The data points are from a sample of 107 galaxies hosting nuclear rings (Comerón et al. 2010). They confirm the general trend, already noted by Martinet & Friedli (1997) and Laurikainen et al. (2004b), among others, for bars to become longer as they become stronger, but the scatter is rather large. This conclusion can be drawn from any of the three bar length measures plotted, directly in units of kpc, and normalised by the disk scale length h or the disk size D0. Two regions of the various diagrams in Fig. 1 are empty, which seems to indicate that there are no very strong short bars, nor any very weak and long ones. In fact, some late-type galaxies do have short bars with large Qg, due to the fact that they have very little, or no, bulge to dilute the non-axisymmetric contribution of the bar to the potential (e.g., Laurikainen et al. 2004b). This effect also explains why Qg decreases but the bar length increases towards the earlier Hubble types (Buta et al. 2005; Laurikainen et al. 2007; Fig. 1). The bar ellipticity is seen to increase monotonically with Qb (Buta et al. 2004), with some scatter but very few outliers.

From deep Ks-band images of 20 galaxies, Elmegreen et al. (2007) confirmed independently that longer bars are stronger (as indicated in their paper by the peak amplitude of the normalised m = 2 Fourier component). They also found an interesting correlation between the bar length and an increased density in the central parts of the disks. Elmegreen et al. note that, as dense galaxies evolve faster, these results indicate that bars grow in length and amplitude, with the densest galaxies showing the fastest evolution. Numerical modelling provides theoretical support for correlations such as the one between bar strength and length (see, e.g., the recent simulations by Villa-Vargas et al. 2010, with varying gas fractions and gas spatial resolution).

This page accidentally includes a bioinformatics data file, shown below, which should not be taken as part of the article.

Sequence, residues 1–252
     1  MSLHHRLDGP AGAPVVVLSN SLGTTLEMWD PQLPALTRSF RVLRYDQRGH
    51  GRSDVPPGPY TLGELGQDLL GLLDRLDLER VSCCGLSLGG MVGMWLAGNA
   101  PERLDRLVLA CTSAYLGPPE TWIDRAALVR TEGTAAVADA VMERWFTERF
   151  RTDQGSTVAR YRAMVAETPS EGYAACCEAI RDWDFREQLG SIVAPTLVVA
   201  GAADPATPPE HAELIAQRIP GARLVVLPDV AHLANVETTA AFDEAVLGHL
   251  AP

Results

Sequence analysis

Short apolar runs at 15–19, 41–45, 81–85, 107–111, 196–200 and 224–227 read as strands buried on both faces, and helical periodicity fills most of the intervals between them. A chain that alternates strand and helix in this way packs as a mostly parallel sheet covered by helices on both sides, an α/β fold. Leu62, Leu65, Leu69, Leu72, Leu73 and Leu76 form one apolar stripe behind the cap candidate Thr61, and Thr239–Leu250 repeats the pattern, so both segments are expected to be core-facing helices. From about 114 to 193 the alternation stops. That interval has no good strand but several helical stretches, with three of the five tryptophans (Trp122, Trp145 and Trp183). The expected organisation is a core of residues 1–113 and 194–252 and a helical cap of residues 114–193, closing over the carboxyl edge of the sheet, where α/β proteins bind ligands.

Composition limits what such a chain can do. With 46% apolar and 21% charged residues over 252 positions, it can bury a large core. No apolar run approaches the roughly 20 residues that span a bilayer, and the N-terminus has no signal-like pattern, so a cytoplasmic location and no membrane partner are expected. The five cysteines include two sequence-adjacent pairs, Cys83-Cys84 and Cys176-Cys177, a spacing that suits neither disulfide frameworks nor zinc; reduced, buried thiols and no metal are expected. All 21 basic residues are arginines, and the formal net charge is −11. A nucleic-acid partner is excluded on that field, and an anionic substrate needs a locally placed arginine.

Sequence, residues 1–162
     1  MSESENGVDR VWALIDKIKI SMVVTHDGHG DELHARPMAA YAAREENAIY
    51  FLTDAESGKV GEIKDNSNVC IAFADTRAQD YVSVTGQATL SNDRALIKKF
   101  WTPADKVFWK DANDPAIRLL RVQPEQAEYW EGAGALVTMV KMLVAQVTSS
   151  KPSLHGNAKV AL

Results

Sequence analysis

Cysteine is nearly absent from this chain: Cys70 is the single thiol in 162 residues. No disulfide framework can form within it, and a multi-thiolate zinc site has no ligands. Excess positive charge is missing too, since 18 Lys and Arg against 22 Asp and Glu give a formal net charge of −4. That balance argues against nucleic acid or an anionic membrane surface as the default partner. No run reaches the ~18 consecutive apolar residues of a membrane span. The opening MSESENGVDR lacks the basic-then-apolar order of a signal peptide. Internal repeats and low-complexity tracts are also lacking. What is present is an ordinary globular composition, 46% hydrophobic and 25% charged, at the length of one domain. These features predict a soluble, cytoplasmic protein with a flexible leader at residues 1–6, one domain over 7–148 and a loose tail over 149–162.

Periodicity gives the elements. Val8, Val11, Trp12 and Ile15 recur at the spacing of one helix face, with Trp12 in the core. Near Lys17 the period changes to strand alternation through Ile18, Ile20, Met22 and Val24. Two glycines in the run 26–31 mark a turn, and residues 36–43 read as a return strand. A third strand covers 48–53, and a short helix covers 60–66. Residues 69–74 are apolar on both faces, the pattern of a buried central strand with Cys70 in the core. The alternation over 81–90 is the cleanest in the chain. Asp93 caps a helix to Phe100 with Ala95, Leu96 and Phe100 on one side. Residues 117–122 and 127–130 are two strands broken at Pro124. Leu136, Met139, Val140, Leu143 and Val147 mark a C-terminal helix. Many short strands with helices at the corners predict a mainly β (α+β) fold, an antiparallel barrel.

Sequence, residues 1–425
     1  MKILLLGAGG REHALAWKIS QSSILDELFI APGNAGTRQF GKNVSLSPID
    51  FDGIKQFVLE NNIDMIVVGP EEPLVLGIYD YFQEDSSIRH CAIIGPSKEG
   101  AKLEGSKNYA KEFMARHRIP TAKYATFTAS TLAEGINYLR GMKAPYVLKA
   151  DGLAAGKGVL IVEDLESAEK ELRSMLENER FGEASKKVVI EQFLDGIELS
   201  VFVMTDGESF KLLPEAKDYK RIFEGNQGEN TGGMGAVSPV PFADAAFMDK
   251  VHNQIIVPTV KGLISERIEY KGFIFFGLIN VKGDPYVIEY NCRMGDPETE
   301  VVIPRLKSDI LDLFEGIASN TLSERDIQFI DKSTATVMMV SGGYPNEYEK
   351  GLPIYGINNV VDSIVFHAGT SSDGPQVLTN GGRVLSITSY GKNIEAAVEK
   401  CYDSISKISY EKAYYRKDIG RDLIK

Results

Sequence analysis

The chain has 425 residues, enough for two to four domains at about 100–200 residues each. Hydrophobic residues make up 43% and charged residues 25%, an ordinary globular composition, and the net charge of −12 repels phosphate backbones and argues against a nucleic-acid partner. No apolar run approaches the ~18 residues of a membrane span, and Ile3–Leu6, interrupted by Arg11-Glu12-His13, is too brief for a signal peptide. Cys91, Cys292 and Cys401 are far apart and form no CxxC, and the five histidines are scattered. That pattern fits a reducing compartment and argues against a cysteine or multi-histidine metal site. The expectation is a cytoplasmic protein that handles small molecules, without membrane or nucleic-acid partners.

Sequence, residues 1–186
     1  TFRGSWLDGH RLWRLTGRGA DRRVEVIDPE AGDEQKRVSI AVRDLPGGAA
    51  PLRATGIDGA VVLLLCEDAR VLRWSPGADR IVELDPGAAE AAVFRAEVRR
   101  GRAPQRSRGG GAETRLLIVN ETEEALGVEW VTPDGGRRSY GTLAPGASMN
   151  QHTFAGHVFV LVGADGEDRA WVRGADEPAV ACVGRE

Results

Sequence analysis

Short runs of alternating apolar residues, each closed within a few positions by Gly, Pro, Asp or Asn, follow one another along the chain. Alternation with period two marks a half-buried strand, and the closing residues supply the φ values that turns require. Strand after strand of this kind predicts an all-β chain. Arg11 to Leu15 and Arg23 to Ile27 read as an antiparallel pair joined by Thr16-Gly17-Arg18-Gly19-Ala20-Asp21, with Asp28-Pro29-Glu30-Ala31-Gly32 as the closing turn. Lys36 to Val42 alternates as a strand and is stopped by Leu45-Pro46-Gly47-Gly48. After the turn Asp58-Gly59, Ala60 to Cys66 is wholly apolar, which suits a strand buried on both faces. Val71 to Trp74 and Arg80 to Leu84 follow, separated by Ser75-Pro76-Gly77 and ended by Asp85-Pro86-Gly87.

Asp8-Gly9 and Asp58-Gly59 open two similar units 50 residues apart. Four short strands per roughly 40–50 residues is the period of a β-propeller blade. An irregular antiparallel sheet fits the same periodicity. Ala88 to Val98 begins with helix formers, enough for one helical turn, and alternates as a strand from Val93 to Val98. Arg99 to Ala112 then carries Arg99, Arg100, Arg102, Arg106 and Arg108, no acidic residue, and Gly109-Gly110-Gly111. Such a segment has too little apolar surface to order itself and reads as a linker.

Other aspects of bars which are directly related to secular evolution include the frequency of ansae-type morphology, significantly enhanced in early-type galaxies (Laurikainen et al. 2007; Martínez-Valpuesta et al. 2007); the finding that bars with double-peaked amplitude profiles are stronger than those with single-peaked profiles (Buta et al. 2006), and occur more frequently in early-type galaxies than in spirals (Laurikainen et al. 2007), which might indicate that they are more evolved (Athanassoula & Misioritis 2002; Athanassoula 2003); and the fact that most S0s have lenses (Laurikainen et al. 2007).

2.2. Bar dust lanes

A further hint at the internal physical processes in bars is provided by the study of dust lanes of Comerón et al. (2009). Dust lanes have been recognised in relation to shocks in the flow of gas in barred galaxies now almost 50 years ago (Prendergast 1962), and Athanassoula (1992) in fact predicted from numerical modelling that the degree of curvature of the main dust lanes in a bar should decrease as the bar gets stronger: stronger bars have straighter dust lanes. As dust lanes are clearly visible in barred galaxies (e.g., Pease 1917; Sandage 1961), this is in principle an easily observable tracer of the fundamental physics and dynamics of galactic bars, yet with the exception of the preliminary study by Knapen et al. (2002) of only nine galaxies which confirmed the predictions, it had never been tested observationally. Comerón et al. (2009) collected images of 55 bars of which the shape of the dust lanes could be measured, and for which the bar strength Qb was available from the literature.

The predicted correlation can indeed be recognised in their results, reproduced here in Fig. 2 (left panel). But the line which would indicate a linear relationship between stronger bars and less curved dust lanes is, in fact, only the upper envelope to the distribution of points. This is not scatter, as indicated by the typical uncertainties of each data point. The strength of the bar does not prescribe the degree of curvature that the dust lanes can have, but instead only provides an upper limit. Hence, strong bars can only have straight dust lanes, whereas weak bars allow their dust lanes to be either curved or straight.